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Kamala Harris and Mike Pence will debate each other at the University of Utah on October 7, 2020.

Ethan Miller, Joe Raedle/Getty Images

Plexiglass barriers will divide Kamala Harris and Mike Pence at the vice presidential debate on Wednesday.

The barriers are meant as an additional protective measure to prevent potential COVID-19 transmission.

But experts say the barriers would be mostly useless in preventing the spread of microscopic, coronavirus-laden aerosols.

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Related: Highlights from Trump and Biden’s first presidential debate

When Kamala Harris and Mike Pence face each other in the vice presidential debate on Wednesday, they will do so through plexiglass barriers – an additional protective measure approved by the Commission on Presidential Debates, according to Politico. 

The plan came about after a five-day period in which at least a dozen White House and GOP officials, including President Donald Trump, tested positive for the coronavirus. Plexiglass will also separate Harris and Pence from moderator Susan Page.

Harris has supported the move to increase coronavirus-related precautions. However, Pence’s spokesperson, Katie Miller, seemed to mock the plexiglass plan, referring to it as a “fortress.”

Pence also decided not to self-isolate after attending several events with people who later tested positive, including a ceremony for Supreme Court nominee Amy Coney Barrett last Saturday. The CDC recommends a 14-day quarantine for anyone with known coronavirus exposure. The vice president tested negative for the virus on Monday.

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Judge Amy Coney Barrett speaks after President Trump announced that she will be his nominee to the Supreme Court in the Rose Garden at the White House September 26, 2020 in Washington, DC.

Chip Somodevilla/Getty

The coming debate won’t be the first to use a plexiglass divider. Sen. Lindsey Graham’s Democratic challenger, Jaime Harrison, used a similar barrier during their debate.

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However, experts don’t think the plexiglass is likely to protect Pence, Harris, Page, or any of the debate’s other attendees. 

“Those barriers really don’t do anything,” John Lednicky, an aerobiologist at the University of Florida, told Business Insider. 

 That’s because when the candidates begin speaking, they will expel both large droplets and smaller particles called aerosols. 

Aerosols are small and very lightweight; as a result, they can hang suspended in the air for minutes to hours. Lednicky authored a study earlier this summer that showed that coronavirus-laden aerosols can travel as far as 16 feet indoors. The findings are not yet peer-reviewed, but they have led Lednicky to believe that a plexiglass barrier won’t stop these particles from traveling. 

The distance the candidates will stand from one another however — 13 feet — is likely enough to protect them from the larger droplets that people expel when they talk. These are relatively heavy, so they fall to the ground fairly quickly and don’t usually travel much farther than 6 feet.

To imagine what aerosols look like, picture cigarette smoke

To understand how the spread of coronavirus aerosols might look if they were visible to the naked eye, think of cigarette smoke.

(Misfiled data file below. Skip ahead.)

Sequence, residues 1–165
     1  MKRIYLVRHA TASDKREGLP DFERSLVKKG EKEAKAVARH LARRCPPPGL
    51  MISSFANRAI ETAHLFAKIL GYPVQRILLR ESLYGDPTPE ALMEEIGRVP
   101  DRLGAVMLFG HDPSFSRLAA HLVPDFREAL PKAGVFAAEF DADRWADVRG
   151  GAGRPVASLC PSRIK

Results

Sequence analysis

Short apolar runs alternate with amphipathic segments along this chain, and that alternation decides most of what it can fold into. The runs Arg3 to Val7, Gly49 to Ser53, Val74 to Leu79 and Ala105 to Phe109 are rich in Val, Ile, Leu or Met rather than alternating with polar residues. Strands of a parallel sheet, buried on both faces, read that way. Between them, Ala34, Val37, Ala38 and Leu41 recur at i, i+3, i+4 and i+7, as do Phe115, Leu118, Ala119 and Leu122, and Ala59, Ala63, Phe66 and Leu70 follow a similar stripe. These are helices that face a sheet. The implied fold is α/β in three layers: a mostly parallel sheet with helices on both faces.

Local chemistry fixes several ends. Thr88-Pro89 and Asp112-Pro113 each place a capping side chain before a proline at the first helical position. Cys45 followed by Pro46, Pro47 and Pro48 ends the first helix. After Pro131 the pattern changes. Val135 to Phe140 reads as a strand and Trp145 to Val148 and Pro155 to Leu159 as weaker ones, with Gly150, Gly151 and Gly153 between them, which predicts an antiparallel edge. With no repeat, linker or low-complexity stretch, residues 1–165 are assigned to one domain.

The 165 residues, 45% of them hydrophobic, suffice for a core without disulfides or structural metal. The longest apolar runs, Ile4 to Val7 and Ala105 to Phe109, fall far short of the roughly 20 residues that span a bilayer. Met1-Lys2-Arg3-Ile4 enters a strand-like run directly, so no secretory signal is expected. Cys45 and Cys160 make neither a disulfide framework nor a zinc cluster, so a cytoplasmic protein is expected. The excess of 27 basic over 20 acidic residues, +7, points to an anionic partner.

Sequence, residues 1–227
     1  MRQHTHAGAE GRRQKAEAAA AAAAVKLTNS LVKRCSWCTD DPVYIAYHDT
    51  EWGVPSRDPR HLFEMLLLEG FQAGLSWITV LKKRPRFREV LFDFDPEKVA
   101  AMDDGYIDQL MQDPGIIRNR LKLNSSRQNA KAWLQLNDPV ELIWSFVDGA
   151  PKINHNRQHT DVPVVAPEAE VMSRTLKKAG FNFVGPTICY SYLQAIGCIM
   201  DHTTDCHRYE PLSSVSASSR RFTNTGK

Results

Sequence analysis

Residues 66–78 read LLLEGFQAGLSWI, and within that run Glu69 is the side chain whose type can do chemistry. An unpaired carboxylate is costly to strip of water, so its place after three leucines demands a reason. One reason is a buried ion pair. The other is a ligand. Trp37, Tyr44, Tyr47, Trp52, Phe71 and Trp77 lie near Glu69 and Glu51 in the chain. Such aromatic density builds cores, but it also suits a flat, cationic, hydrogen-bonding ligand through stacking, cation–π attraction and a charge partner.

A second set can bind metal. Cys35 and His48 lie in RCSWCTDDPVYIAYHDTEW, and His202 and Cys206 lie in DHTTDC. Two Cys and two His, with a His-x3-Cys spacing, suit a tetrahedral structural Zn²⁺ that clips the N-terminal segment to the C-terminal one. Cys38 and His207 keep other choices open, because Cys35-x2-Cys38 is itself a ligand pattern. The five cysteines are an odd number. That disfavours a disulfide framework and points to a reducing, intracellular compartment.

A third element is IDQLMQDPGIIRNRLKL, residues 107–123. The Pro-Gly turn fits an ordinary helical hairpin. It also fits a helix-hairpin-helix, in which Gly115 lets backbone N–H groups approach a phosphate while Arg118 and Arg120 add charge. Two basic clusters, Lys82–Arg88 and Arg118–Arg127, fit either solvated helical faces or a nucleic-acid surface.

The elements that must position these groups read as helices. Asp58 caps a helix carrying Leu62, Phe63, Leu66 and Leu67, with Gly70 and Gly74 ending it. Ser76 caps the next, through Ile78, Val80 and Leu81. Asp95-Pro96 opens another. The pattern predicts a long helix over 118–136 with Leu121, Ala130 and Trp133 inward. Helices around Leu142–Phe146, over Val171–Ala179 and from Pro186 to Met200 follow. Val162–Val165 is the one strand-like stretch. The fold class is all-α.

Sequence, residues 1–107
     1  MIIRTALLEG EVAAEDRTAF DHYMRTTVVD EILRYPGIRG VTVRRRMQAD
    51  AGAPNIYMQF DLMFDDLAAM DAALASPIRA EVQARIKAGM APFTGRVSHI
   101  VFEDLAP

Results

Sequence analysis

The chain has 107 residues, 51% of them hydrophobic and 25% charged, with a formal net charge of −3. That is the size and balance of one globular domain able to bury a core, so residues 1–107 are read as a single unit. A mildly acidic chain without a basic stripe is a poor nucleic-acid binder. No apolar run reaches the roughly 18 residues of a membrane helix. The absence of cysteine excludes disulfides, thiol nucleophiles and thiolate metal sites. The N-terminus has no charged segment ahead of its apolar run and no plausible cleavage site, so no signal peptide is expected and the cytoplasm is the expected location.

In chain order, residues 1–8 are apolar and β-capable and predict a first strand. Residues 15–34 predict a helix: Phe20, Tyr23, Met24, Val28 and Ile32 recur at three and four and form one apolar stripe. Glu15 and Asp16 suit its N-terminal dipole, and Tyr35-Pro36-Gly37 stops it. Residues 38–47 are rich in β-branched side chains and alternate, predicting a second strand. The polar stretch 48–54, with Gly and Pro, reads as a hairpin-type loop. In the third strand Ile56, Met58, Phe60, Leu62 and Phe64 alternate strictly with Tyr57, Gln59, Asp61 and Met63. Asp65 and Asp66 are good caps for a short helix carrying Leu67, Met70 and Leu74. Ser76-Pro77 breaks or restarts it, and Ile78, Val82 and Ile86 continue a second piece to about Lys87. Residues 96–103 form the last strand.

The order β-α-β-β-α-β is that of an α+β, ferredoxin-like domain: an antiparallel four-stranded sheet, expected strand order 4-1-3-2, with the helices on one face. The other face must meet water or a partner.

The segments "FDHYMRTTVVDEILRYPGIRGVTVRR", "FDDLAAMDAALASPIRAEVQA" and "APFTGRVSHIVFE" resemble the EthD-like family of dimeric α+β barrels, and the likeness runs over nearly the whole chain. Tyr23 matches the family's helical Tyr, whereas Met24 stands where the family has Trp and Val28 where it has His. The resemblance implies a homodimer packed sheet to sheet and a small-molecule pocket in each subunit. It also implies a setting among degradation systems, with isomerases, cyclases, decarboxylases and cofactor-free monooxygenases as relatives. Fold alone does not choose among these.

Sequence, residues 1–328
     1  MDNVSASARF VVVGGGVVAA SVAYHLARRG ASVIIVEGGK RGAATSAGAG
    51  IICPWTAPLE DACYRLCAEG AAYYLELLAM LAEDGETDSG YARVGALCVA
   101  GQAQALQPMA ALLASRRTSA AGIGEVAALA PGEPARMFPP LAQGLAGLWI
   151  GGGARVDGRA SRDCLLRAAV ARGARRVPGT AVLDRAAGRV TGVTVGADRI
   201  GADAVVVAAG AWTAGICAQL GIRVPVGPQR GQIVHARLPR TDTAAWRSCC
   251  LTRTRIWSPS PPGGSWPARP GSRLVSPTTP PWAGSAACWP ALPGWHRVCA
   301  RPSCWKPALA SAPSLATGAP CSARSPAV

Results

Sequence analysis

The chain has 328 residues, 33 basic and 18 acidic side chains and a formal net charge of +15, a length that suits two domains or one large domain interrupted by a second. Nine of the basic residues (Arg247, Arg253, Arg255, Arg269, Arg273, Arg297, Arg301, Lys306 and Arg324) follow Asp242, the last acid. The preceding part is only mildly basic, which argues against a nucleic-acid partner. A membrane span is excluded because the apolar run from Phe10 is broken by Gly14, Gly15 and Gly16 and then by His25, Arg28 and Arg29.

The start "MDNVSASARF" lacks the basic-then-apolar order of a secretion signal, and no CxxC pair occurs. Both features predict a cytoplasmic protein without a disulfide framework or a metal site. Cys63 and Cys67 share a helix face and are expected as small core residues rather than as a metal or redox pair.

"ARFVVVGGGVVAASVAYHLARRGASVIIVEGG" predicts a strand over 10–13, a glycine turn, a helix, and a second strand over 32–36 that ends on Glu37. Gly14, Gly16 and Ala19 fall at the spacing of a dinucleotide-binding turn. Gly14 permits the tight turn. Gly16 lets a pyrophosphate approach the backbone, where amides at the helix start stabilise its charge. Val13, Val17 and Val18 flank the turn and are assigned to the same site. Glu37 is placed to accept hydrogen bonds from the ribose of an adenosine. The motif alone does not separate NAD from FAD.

That’s how Linsey Marr, a leading aerosols researcher at Virginia Tech, thinks about them. Imagine a group of people, she said on Monday: “What if all the people in that situation are smoking? Are you going to be exposed? Will you end up breathing a lot of cigarette smoke?

“If the answer is yes,” Marr continued, “then you need to do something to change that situation, to reduce the risk.”

To follow that analogy, imagine Harris and Pence smoking cigarettes onstage for 90 minutes. A plexiglass barrier might stop some of that smoke, and would 13 feet of distance helps, too. But plenty of smoke could still get around and above the barriers.

jaime harrison lindsey graham

Democratic challenger Jaime Harrison speaks during the South Carolina Senate debate with Sen. Lindsey Graham, at Allen University in Columbia, October 3, 2020.

Joshua Boucher/The State via Associated Press

That risk is lower in a building with good air circulation, though, according to Lednicky. If the air within the University of Utah’s Kingsbury Hall, where the debate is to be held,  gets ventilated properly, the aerosols could be circulated outside and new air brought in.

Good air circulation, he said, is when a room’s air gets replaced by outside air six times per hour. 

But Lednicky said he doesn’t have information about the hall’s air circulation. If the auditorium’s air quality is poor, he added, “the risk gets higher and higher and higher over a period of time” as aerosols build up.

What a safe debate might look like

To truly make the debate safe, Marr said, she would require all attendees to wear masks – especially Harris and Pence.

“We release far more droplets and aerosols when we are talking than when we are just breathing,” she told Business Insider. “Thus, it’s especially important that those who are talking, in this case the two candidates, wear masks.”

Lednicky also said he thinks the candidates should wear masks. Or, he said, they could perform the debate outdoors.

“It’s always better to go outside,” Lednicky said.

Back to the smoke analogy: If Pence and Harris were each smoking outside, 13 feet apart, the smoke would be far less likely to reach the candidates or other attendees. 

Alternatively, Lednicky said, the safest approach would really be an option we now all know well:  “Zoom.”

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